The researchers argue that if lenders have a better picture of a client's entire history, they may be more willing to be lenient with them. “Banks tend to cushion credit terms for their long-term customers during downturns,” they write.

(bold mine)
What could reviewing our browsing or search history have to do with our "credit scores" in anyway what so ever?

Gee, how has collected the most browsing and search histories from internet users?

The one thing I've taken to heart about this Neoliberalsim, what ever they say, The researchers argue that if lenders have a better picture of a client's entire history, they may be more willing to be lenient with them will be exactly the opposite.

i.e. Don't Be Evil.

I mean after all, Ziggy knows best!

Google is that kind of Multinational Company Ziggy describes above! And Julian Assange is the kind of person that has the journalistic integrity and heroic courage to expose it! (imho)

And the Neoliberal Project, hates him for it!

Again great essay Wendy!


(Apologies, I can't spell or pronounce his name properly, so I call him Ziggy)

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C99, my refuge from an insane world. #ForceTheVote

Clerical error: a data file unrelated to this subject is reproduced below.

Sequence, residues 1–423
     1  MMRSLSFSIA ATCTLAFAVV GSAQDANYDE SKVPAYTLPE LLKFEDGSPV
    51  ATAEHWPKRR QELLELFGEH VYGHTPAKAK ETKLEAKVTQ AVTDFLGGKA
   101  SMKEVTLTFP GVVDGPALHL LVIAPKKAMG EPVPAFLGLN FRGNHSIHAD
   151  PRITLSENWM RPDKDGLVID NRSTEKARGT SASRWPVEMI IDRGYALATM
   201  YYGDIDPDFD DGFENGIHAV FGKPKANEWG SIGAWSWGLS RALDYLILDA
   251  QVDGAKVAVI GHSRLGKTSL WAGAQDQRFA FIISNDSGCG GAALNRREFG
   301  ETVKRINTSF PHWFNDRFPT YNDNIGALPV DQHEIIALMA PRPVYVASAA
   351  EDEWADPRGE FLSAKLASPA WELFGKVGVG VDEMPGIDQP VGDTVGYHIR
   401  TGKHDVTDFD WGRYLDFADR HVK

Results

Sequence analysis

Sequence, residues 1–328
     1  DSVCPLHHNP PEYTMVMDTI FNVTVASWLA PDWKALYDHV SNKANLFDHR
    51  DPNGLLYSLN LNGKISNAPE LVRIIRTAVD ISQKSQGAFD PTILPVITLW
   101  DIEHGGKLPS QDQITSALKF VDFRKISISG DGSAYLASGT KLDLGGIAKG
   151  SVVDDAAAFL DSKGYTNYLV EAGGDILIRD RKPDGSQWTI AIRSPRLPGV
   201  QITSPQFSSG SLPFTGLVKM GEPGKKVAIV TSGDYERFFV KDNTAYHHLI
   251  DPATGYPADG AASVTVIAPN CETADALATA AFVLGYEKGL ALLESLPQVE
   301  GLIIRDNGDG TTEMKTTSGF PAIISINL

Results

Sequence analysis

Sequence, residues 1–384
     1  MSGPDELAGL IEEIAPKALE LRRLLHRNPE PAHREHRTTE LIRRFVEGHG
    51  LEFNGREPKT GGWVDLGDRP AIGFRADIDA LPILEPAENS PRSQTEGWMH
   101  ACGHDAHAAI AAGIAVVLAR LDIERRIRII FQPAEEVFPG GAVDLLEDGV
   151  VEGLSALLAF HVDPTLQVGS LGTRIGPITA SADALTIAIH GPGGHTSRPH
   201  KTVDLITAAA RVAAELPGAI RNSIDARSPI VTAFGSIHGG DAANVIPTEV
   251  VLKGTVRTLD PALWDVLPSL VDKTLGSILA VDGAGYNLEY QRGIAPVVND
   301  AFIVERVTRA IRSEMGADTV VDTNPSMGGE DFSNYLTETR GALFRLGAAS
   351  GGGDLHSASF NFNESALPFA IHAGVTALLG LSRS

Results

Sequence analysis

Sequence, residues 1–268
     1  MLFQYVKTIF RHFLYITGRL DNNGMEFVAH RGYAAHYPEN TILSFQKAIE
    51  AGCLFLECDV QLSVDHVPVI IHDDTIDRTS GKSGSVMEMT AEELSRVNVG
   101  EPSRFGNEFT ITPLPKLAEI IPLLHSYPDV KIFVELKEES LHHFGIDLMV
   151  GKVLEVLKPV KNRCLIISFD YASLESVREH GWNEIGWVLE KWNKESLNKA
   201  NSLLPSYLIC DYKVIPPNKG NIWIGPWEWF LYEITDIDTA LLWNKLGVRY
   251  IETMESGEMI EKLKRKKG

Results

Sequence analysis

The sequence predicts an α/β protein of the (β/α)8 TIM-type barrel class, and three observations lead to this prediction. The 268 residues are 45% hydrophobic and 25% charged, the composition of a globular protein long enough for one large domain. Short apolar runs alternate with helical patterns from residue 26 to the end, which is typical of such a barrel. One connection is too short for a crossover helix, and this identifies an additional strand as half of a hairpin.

wendy davis's picture


'Zbig'. ; ) my apologies for not answering your comment sooner, but i was either too upset about julian or i'd eaten something that didn't agree with me...or both, and i shut down early with a (rare) tummy ache. i've spent most of the last two days packaging up nice things to give local friends as we continue to downsize our possessions.

thanks for wylie's cambridge analytical exposé. same shit, different capitalist deep state shit.

forbes says eric schmuck schmidt was worth a cool $7.27 billionn in 2021. pentagon must pay him well, eh? bet that's not a line-item in the 'for public' budget.

thanks for commenting and reading.

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Pluto's Republic's picture

Painful, but provocative.

The US is truly corrupt beyond reform. In my mind I see it fast receding in my rearview mirror.

Thanks for reposting it.